It works fine on my board , maybe you are not doing it correctly. If Pencil Mod dont work for you for vdroop you must be doing something wrong. What pencil are you using? Have you measure voltages with multimeter?
I have done both mods on my board and they do work if done correctly , now i did the mod with VRs in it is stable as a rock, but before the VRs i did the Pencil mod and worked like a charm ,Maybe its your board, dunno , but Shaminos guide mods work 100% and have been tested by many of us
Try to redo the pencil mod removing it and reapplying it.
- I've used three different pencils. I've tried the mod twice with each pencil.
- Every pencil showed a change in the VCore
- Every time the VCore was more or less lowered instead of being stabilized
I've used a Ohmmeter (Voltmeter), and each time I could see that the resistance was lowered after having applied the pencil.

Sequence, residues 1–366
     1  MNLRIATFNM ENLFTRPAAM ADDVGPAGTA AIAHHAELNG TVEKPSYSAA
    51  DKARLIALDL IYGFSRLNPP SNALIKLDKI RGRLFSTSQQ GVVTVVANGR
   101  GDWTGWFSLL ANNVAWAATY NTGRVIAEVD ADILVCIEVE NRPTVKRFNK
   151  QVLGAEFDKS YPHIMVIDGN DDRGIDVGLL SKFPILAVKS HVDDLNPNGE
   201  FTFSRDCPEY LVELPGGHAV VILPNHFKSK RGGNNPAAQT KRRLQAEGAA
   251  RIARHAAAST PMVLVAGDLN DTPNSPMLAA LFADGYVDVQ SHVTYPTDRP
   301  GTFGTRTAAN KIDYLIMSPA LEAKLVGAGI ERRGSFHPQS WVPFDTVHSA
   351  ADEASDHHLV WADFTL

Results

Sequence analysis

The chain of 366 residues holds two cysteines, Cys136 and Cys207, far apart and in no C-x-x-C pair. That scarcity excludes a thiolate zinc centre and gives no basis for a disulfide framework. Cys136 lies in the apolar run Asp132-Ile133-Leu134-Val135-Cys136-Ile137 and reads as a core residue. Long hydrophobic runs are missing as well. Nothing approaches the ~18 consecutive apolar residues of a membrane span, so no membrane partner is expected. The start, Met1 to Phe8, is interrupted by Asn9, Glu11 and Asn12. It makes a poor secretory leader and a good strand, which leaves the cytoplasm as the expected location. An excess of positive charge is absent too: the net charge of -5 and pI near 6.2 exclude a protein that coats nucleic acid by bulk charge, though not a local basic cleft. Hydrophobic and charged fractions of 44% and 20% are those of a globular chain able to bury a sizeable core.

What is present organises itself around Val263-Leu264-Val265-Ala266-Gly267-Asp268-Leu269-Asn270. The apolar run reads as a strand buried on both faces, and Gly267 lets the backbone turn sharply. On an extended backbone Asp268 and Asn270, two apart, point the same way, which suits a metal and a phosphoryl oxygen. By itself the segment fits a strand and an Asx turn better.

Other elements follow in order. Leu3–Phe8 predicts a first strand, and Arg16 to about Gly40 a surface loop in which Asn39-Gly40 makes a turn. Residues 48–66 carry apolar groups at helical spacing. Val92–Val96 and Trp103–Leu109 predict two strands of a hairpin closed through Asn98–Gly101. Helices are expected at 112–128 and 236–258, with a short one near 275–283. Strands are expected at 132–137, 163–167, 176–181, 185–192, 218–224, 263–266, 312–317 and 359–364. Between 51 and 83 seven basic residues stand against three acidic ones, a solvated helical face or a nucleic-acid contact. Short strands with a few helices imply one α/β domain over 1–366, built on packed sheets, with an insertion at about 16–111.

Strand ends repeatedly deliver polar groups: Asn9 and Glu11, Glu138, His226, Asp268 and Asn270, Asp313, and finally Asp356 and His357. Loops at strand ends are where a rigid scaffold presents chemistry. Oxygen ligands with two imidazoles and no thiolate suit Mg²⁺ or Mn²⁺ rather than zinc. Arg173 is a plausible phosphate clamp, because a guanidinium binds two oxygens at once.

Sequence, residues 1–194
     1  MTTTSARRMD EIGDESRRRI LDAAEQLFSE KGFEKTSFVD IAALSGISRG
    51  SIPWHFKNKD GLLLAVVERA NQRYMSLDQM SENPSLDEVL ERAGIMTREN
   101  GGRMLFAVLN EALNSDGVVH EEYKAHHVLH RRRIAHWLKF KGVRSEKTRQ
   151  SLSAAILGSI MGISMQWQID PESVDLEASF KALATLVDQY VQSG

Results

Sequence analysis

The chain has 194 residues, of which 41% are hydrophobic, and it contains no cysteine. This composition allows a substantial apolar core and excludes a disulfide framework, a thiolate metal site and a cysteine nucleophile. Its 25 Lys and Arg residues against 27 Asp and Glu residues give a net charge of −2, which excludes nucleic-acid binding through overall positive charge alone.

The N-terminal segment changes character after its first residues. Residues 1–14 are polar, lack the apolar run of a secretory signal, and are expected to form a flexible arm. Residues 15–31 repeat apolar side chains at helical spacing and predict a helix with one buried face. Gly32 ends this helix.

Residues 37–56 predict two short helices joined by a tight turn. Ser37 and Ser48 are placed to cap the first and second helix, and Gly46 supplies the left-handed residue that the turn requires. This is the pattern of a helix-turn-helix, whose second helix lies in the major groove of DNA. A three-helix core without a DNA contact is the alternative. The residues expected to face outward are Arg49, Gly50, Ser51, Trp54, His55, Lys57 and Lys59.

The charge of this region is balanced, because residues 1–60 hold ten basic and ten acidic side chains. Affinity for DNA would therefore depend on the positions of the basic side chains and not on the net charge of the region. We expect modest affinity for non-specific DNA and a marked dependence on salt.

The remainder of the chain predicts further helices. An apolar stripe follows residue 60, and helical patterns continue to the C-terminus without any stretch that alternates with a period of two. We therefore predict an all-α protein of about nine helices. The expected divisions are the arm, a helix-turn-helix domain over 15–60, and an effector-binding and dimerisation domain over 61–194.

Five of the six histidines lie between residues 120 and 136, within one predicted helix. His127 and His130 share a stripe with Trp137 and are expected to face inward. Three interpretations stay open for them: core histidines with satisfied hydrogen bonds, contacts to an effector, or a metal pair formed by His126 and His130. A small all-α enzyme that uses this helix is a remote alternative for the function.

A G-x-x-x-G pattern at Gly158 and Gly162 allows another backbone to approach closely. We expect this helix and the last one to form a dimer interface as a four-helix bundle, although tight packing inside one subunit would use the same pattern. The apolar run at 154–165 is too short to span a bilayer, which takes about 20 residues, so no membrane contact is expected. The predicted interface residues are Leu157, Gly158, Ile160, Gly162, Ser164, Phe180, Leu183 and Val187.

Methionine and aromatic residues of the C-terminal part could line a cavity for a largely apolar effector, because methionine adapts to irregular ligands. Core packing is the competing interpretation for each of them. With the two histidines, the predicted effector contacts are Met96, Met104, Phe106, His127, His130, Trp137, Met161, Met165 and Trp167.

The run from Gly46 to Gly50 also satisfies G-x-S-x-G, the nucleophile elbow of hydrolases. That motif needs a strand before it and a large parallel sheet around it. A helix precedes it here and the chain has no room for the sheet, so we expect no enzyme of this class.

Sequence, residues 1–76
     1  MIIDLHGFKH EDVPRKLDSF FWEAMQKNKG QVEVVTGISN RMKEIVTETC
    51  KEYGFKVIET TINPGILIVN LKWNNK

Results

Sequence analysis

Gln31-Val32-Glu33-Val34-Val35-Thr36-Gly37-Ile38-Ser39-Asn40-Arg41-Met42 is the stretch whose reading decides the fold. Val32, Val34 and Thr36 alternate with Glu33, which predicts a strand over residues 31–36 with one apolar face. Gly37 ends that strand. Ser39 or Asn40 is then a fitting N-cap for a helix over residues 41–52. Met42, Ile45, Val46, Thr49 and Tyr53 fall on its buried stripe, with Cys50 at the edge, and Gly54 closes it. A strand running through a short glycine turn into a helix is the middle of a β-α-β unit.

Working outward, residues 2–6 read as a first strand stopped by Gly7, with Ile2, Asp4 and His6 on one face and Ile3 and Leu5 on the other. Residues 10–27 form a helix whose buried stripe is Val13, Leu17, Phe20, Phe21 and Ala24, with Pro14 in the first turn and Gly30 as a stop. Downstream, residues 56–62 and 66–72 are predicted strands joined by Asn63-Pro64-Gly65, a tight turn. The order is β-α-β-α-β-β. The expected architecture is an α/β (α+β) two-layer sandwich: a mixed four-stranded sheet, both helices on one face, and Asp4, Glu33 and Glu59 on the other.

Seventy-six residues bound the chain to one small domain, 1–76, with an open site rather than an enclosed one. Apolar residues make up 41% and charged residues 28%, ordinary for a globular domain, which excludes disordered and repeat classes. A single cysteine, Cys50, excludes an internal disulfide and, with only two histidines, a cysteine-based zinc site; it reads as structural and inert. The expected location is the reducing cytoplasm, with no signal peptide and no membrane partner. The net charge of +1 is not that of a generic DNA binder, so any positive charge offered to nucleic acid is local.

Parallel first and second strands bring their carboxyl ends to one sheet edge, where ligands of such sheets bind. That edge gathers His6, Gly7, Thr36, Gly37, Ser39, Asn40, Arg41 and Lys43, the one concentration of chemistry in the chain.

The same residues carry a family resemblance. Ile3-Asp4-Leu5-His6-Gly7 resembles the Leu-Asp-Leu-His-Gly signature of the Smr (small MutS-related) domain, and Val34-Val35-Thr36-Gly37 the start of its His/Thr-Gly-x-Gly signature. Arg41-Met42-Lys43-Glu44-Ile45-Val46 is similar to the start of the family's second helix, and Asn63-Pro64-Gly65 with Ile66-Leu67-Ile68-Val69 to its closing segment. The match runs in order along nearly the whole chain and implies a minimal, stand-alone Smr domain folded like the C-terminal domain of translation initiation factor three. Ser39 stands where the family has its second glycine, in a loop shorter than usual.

Once, the Vcore was lowered from 1.47v idle under Vista (before the mod) down to 1.26v after the mod. Another time, the VCore was lowered about 0.1v. I didn't measure the real voltage but sometimes the PC didn't even boot.
I don't understand what's happening, I will try with a new 2B or 4B pencil but I'm a bit sceptical...
How about you get a soldering iron and do a hard mod? It's a bit more difficult than a pencil mod, but it gives much more predictable results.
I think the p35 has a voltage regulator with an offset pin (pin #10, look online for isl6327 voltage regulator docs). This pin is usually not connected to anything.
If you connect this pin with a variable resistor to either ground or Vcc, you have a volt mod. Can't guarantee that it's that easy on your board, but on my ASRock 775dual-VSTA, this was the perfect way to do it.
For the droop / Vdrop mod, the best way is to find all components that are part of the feedback loop and scale them down: resistors to half the value, capacitors to twice the value. This way you don't change the overall gain or frequency response at the FB pin, but you change the amount of droop.
P.S. I forgot to mention that for soldering on your board, I have found a battery-powered iron the best. I got one for ca. $12 at Fry's (the Hakko fx-901), it has 4x AA batteries and a really fine tip, perfect for doing fine work on a board. It's also perfect because you're not restricted by a power cord.